Two French journalists freed in Afghanistan after 547 days
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Two French journalists who have just been freed after being held hostage in Afghanistan for 18 months were expected back in France Thursday morning. Hervé Ghesquière and Stéphane Taponier were kidnapped by the Taliban in December 2009.
Eighteen months after they were abducted in north-eastern Afghanistan, French journalists Hervé Ghesquière and Stéphane Taponier have been released, French President Nicolas Sarkozy confirmed Wednesday.
Ghesquière and Taponier, along with their Afghan translator, fixer and driver were kidnapped December 30, 2009 in the mountainous Kapisa province northeast of the Afghan capital of Kabul.
In a statement released Wednesday, Sarkozy’s office said, "The president is delighted at the liberation of our two compatriots, Hervé Ghesquière and Stéphane Taponier,” before going on to add, "The head of state joins in the joy of their families. He thanks (Afghan) President (Hamid) Karzai for his handling of this crisis as well as all those who took part in freeing the hostages."
According to the Paris-based NGO Reporters Without Borders, the two men’s translator, fixer and driver – Reza, Hidar and Sattar – have also been released.
‘An explosion of joy’
The news of their release came as colleagues and supporters gathered in downtown Paris Wednesday to increase awareness of the men’s plight on the 547th day of their captivity.
Reporting from the gathering, FRANCE 24’s Mathieu Mabin said the demonstration had almost ended and people had begun dispersing when there was an “explosion of joy” as senior editors at France Television - the two men’s employers - told the crowd that the families of the two men had just received a call from Sarkozy informing them that Ghesquière and Taponier were free and would return to Paris Thursday.
“We’re overjoyed, literally overjoyed,” said French reporter Florence Aubenas in an interview with FRANCE 24.
- Stéphane Taponier. Cameraman, 46, who has covered the Iraq war and several conflicts on the African continent. He has been travelling to Afghanistan regularly since 2000.
- Hervé Ghesquière. Journalist, 47, for the France 3 newsmagazine "Exhibits". He has covered conflicts in the former Yugoslavia, Afghanistan, and Iraq as well as the Khmer Rouge in Cambodia.
A former reporter at the French daily, “Libération,” Aubenas spent two months in captivity in Iraq in 2006 and was part of a committee to demand the release of the two men. “We were in the process of organizing another series of events to mark the 550th day of their captivity and when we got this news, there was immense joy and relief,” Aubenas added.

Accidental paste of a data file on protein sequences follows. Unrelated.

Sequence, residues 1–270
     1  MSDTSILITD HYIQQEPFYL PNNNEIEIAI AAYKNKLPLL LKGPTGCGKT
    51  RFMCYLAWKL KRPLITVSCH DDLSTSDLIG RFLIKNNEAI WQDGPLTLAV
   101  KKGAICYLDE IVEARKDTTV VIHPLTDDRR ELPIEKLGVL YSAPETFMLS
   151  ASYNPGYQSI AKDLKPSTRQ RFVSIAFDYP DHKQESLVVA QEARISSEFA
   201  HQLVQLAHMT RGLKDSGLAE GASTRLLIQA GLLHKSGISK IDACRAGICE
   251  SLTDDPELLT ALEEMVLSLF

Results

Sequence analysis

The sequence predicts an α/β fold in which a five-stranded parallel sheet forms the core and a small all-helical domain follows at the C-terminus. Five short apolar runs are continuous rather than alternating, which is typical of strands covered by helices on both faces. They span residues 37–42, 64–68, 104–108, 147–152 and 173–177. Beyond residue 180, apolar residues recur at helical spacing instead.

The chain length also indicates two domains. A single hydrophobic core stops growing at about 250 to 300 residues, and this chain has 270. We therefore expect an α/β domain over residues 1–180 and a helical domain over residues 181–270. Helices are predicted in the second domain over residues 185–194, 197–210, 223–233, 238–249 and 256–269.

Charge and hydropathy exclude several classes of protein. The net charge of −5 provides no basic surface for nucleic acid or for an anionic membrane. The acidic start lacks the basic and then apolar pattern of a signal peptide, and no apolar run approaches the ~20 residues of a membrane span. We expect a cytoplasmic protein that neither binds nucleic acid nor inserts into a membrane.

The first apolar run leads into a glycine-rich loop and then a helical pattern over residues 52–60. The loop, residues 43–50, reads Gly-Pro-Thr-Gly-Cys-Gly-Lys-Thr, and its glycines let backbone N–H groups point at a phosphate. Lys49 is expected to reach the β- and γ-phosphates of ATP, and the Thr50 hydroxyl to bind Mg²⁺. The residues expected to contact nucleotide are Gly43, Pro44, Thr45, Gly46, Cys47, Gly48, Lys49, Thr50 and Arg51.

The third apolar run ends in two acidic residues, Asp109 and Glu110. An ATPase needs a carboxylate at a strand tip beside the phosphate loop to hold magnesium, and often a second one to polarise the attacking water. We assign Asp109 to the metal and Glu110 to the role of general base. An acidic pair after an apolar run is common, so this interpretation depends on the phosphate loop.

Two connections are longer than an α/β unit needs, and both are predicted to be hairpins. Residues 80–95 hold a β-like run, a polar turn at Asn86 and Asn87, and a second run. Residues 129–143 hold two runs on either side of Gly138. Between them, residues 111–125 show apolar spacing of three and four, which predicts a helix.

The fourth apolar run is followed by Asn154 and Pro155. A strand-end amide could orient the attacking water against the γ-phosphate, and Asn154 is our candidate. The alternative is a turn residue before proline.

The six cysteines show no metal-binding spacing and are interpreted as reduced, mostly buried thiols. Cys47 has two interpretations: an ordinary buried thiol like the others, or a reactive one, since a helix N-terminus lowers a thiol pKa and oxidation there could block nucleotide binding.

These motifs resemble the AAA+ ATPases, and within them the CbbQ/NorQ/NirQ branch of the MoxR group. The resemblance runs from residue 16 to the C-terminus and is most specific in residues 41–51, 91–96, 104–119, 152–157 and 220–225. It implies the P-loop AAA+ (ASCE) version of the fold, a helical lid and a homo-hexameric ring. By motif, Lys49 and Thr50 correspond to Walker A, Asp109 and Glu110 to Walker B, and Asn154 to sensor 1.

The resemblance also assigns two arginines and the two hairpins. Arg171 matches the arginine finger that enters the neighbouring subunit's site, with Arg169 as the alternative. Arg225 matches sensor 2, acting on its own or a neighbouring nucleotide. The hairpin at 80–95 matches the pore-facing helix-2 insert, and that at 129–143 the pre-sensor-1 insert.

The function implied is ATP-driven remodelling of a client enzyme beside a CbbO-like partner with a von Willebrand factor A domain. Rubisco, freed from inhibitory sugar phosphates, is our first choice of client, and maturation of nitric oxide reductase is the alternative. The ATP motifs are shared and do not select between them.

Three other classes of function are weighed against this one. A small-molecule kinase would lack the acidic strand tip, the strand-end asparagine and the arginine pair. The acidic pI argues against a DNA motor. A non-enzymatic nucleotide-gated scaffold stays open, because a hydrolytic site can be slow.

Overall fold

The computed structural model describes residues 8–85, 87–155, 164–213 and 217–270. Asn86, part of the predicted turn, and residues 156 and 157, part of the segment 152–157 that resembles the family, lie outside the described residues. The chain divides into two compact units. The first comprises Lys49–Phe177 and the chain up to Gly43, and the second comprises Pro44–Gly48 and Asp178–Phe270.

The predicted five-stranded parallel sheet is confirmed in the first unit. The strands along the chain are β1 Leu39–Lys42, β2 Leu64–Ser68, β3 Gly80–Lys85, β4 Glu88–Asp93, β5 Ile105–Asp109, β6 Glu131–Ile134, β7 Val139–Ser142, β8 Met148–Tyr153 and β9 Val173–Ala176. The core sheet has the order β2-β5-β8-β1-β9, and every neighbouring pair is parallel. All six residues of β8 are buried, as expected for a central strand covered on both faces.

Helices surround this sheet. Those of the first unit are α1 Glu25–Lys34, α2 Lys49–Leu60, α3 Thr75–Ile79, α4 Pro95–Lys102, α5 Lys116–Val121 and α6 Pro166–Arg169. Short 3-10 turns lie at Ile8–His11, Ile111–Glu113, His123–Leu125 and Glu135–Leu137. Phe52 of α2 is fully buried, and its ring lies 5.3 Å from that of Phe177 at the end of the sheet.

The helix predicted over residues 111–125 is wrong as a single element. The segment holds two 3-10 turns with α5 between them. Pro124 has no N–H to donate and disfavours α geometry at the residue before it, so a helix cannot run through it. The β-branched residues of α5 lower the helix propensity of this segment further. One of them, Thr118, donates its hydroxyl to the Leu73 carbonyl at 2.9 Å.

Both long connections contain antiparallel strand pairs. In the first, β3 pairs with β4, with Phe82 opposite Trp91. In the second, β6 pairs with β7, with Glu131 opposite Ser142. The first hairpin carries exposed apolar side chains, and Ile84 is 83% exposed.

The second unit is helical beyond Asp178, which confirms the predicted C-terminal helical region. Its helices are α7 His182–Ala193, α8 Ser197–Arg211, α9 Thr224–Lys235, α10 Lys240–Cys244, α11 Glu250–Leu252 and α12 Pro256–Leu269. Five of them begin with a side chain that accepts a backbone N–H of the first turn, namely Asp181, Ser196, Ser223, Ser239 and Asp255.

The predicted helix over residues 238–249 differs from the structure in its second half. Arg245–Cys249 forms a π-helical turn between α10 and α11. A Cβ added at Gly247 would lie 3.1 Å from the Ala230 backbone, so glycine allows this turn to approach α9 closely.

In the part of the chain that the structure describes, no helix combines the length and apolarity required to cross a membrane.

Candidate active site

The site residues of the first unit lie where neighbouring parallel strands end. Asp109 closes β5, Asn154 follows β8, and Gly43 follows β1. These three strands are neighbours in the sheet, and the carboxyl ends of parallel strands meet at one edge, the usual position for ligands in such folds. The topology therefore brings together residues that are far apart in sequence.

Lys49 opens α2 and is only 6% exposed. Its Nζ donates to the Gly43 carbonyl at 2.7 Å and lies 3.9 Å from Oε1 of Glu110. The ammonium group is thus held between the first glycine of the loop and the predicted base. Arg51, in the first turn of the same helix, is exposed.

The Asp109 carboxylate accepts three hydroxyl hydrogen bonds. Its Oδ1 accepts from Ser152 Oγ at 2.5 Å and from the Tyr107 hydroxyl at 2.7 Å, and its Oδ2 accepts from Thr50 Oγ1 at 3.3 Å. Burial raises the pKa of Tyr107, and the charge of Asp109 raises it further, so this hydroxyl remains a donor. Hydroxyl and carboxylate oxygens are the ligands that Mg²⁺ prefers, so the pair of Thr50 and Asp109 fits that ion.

A cause célèbre across France
Ghesquière and Taponier’s 18-month captivity marked the longest period of detention of a French journalist in the field since the Lebanese Civil War during the late 1980’s. Their plight became a cause célèbre across France.
French journalist unions held regular events to raise awareness of the issue and launched solidarity websites while giant portraits of the two men were draped on a number of official buildings in Paris and in the men’s hometowns of Bordeaux and Nantes.
An October 2010 concert to mark their 500th day in captivity drew thousands and a petition calling for their release attracted around 80,000 signatures in December.
Since their abduction, photos of the pair, often captioned by their day count in captivity, have appeared regularly on television news broadcasts and Web sites.
‘Wind of freedom blowing’
Shortly after the news of their release broke, French Prime Minister Francois Fillon told parliament that the two journalists were in good health.
"The wind of freedom that has blown -- that is blowing – through the Arab world also needs to be taken into account by the [other] hostage takers, who need to realise that this is not the right way to meet their objectives," said Fillon. "They must free these men and women and join the democratic debate."
Ghesquière and Taponier were believed to be captured by a local militant in northeast Afghanistan before they were apparently handed over to Mullah Beriyal, a Taliban commander linked to the Quetta shura – or the circle of advisors to close to Taliban chief Mullah Omar, according to French news reports.
In April 2010, a video of the two journalists published on a jihadist Web site featured the two men, who appeared to be in good health, calling for the release of Afghan prisoners.
In the video, a Taliban representative issued a message to Sarkozy demanding the release of Taliban prisoners in Afghanistan. The video then featured a bearded Ghesquière reading a statement in English: "As long as the Taliban demands are not met, we will be executed,” he said. Video footage also showed a gaunt-looking Taponier sitting cross legged on a maroon carpet. The footage appeared to have been shot indoors.
According to Mabin, there was no word of any deal or ransom payments for the release of the two journalists. French authorities typically deny reports of any deals or ransom payments in exchange for hostage releases.
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